Whoa Canada! The Canada’s emblematic maple leaf may soon be joined by another iconic leaf: Cannabis. Canadian Prime Minister Justin Trudeau’s campaign promise to legalize recreational marijuana will be fulfilled by next summer, according to reports.
If the reports are true, Canadians will be free to consume and cultivate cannabis beginning next July under landmark legislation that would legalize the possession of the herb for personal consumption. The government has not confirmed the report, but has not denied it.
CBC News, Canada’s national broadcaster, first broke the news.
Trudeau — and his Liberal Party — have long supported cannabis reform and the prime minister made it one of his platform pillars in his 2015 campaign.
The new law, which was revealed by fellow liberal Bill Blair over the weekend, will be made public during the week of April 10. According to CBC reports, the law is scheduled to go into effect by July 1, 2018.
Each year, Canadians celebrate July 1 as Canada Day, a federal holiday marking the official birth of the nation.
While the federal government will set a minimum age of 18 to legally purchase cannabis, provinces will be allowed to set a stricter age limit if desired.
Canada’s Conservative party has been opposed legalization, but times may be changing. Kevin O’Leary, considered to be a frontrunner in the race for the Conservative party’s leadership, has signaled that he would embrace legalization. O’Leary’s chief concern is impaired driving.
One major wrinkle to this — and any national cannabis legalization — is that it appears to directly defy international treaties. But the liberal government argues:
Canada is one of more than 185 Parties to three United Nations drug control conventions: the 1961 Single Convention on Narcotic Drugs (as amended by the 1972 protocol), the 1971 Convention on Psychotropic Substances and the 1988 Convention against Illicit Traffic in Narcotic Drugs and Psychotropic Substances.
Despite enforcement efforts under these treaties, cannabis remains the most widely used illicit drug in the world. Although the ultimate aim of the drug treaties is to ensure the “health and welfare of humankind,” there is growing recognition that cannabis prohibition has proven to be an ineffective strategy for reducing individual or social harms, including decreasing burdens on criminal justice systems, limiting negative social and public health impacts, and minimizing the entrenchment of illicit markets, which in some cases support organized crime and violence. Thus, a growing number of governments are interested in alternative approaches to cannabis control that promote and protect the health, safety and human rights of their populations. Several European and Latin American countries have decriminalized the personal possession of cannabis.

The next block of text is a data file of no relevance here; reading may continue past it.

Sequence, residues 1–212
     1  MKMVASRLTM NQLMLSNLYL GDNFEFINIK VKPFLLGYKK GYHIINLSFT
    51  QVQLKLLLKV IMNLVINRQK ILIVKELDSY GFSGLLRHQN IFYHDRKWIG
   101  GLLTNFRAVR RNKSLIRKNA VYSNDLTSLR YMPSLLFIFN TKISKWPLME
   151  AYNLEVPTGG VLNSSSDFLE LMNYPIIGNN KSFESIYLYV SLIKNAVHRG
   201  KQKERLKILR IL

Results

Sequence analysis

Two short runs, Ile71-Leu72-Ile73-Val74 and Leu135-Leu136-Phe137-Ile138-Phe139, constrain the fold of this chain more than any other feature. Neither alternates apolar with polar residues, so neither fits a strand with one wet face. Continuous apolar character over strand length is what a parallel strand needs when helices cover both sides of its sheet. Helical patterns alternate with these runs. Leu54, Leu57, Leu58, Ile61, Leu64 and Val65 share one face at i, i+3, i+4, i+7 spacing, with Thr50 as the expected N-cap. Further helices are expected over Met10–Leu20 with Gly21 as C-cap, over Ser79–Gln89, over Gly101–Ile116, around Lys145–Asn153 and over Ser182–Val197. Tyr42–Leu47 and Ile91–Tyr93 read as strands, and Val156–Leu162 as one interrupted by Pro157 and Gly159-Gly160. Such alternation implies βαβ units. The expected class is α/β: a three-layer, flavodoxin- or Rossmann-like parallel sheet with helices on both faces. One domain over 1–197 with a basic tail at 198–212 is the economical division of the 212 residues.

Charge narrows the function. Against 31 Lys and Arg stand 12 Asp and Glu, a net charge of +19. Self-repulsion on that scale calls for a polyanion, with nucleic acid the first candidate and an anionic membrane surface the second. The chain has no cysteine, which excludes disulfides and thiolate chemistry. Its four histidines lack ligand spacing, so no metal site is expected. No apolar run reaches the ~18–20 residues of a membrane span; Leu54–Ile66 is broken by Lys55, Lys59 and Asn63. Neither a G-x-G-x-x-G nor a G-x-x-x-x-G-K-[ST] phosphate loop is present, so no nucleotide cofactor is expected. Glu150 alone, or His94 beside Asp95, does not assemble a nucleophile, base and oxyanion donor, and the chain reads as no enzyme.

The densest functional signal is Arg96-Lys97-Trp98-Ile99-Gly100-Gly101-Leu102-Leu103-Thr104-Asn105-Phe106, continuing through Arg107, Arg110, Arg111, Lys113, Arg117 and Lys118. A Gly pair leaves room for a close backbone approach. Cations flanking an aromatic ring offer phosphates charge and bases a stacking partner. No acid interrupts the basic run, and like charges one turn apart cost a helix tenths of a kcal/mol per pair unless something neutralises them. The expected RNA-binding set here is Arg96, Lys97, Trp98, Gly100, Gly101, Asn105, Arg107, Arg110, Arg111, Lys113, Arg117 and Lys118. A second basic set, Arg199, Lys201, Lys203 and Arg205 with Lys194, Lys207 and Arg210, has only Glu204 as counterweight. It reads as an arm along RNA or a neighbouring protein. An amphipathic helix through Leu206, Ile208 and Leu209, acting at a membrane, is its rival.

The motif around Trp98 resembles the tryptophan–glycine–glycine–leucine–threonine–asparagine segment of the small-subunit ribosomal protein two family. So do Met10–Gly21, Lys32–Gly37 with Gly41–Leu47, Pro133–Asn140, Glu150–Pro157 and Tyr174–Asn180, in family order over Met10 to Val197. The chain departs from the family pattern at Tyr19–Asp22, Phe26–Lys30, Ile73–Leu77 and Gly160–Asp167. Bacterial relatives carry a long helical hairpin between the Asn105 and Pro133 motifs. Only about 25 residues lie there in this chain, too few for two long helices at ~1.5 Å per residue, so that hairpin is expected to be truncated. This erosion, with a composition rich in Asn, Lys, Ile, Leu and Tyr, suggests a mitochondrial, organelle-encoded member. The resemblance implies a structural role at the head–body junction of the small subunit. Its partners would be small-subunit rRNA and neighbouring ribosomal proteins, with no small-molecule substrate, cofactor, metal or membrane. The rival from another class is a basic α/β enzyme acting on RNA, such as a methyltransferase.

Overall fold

The proposed law appears to be in line with a document published by the federal government on November 30, 2016, titled “A Framework For The Legalization And Regulation Of Cannabis In Canada.”
According to that document, here are some of the proposed provisions:
Sales And Marketing
- Set the minimum age of purchase as 18, respecting the rights of provinces and territories to harmonize with sales of alcohol.
- Avoid selling alcohol and cannabis at the same location where possible: dedicated storefronts and direct mail are preferable.
- Limit the density and location of storefronts, including their proximity to schools and parks.
- Regulate retail sales at the provincial and territorial level.
- Restrict the promotion and advertising of cannabis products, similar to restrictions now in place for tobacco.
- Require plain packaging with company name, strain name, price, tetrahydrocannabinol (THC) and cannabidiol (CBD) amounts and health warnings.
- Prohibit any product deemed “appealing to children,” including products that look like candy.
- Establish pricing and taxation following an economic analysis.
- Tax higher potency THC products at a higher rate to discourage purchase.
- Use revenue from cannabis regulation for drug prevention, education and treatment.
Public Consumption And Possession
- Extend restrictions on public smoking of tobacco products and vaping to cannabis.
- Allow and regulate dedicated places to consume cannabis products (lounges, for example.)
- Limit public possession to 30 grams of dried, non-medical cannabis or its equivalent, with a corresponding sales limit.
Production And Distribution
- Implement a system of licensed producers to grow cannabis in Canada.
- Allow personal cultivation of up to four plants per residence, with a height limit of 100 cm.
- Maintain medical marijuana access separately, with the same tax system as non-medical use.
- Move swiftly to create capacity for producing and selling cannabis.
Public Education And Safety
- Begin public education strategy immediately.
- Determine how to establish limits to prevent an increase in cannabis-impaired driving.
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